The KIRP was charged with determining whether CDPHE’s existing waiver process for ketamine administration for excited delirium and/or extreme or profound agitation provides adequate oversight and training to ensure public health and safety. The panel focused on systems and processes rather than on individual cases of ketamine use, in keeping with CDPHE’s public health focus of protecting the health of people and their communities. The work of the panel was entirely separate from any regulatory investigations being conducted by CDPHE into complaints received about particular incidents. The panel did not review the use of ketamine for pain management or rapid sequence induction (RSI) in the prehospital setting.
Ketamine Investigatory Review Panel Scope of Work:
- the pharmacology of ketamine
- the diagnosis of Excited Delirium Syndrome (ExDS)
- the use of and indications for ketamine for ExDS and other medical conditions
- implicit and explicit bias and structural racism as it relates to indications for and administration of ketamine
- Colorado and national data on ketamine administration
- complications associated with ketamine use for ExDS
- the dosing of ketamine
- the monitoring of patients following ketamine administration
- the education and training for paramedics
- EMS medical director oversight, protocols, and quality assurance
- the state and local oversight processes
The COVID-19 pandemic necessitated online rather than in-person meetings. Beginning in early 2021, the panel convened numerous times via Zoom. The meetings were not open to the public to allow the panel members to speak freely and without fear of recrimination during the pendency of their work. The meetings were also closed to protect against an inadvertent identification of patients during data presentations.
The panel spent several months gathering and reviewing information, including articles, research studies, professional organizational documents and statements, videos and data. CDPHE enlisted a series of subject matter experts in other relevant areas to assist the panel in its work. A listing of the subject matter experts and the issues on which they presented is shown below:
- Dr. Whitney Barrett, board-certified EMS physician in Albuquerque, New Mexico; Assistant Medical Director for Denver Health Paramedics Division until January 2021. Dr. Barrett presented data on ketamine administration by the Denver Health Paramedic Division.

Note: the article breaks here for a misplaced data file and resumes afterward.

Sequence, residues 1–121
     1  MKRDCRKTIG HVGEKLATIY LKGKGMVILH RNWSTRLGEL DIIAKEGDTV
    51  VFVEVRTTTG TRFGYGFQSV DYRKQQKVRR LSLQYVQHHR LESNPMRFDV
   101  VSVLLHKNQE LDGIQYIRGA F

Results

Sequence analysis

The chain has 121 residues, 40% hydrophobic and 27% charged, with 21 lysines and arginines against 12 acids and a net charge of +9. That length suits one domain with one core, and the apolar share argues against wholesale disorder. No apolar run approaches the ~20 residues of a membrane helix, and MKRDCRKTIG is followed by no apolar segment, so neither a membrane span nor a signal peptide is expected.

- Dr. William Hall, Emergency Medicine Telluride Regional Medical Center; Medical Director Nucla-Naturita Fire Protection District and the National Park Service; previous EMS medical director for Mesa County (9 agencies) for 17 years. Dr. Hall presented on the practice of EMS medical direction, including in rural settings.
- Dr. Brent Myers, triple-board certified in emergency medicine, EMS, and clinical informatics; past-President of the National Association of EMS Physicians; currently serves as the Chief Medical Officer for ESO; and Associate Medical Director for Wake EMS in Raleigh, North Carolina. Dr. Myers previewed data from the Annals of Emergency Medicine article: “Out-of-Hospital Ketamine: Indications for Use, Patient Outcomes, and Associated Mortality.”
- Dr. Scott Simpson, MPH, Medical Director for Psychiatric Services at Denver Health and Associate Director of Behavioral Health Services. Dr. Simpson presented on agitation management in psychiatric emergency services.
- Dr. Michele Sweeney, emergency medicine physician for 23 years; EMS Department Medical Director and faculty member, Pueblo Community College. Dr. Sweeney presented on paramedic education and challenges facing rural emergency medical services.
- Dr. Steven Zeichner, Anesthesiologist, President-Elect, Colorado Society of Anesthesiologists (CSA). Dr. Zeichner presented CSA’s concerns and recommendations related to CDPHE’s ketamine waiver program for excited delirium.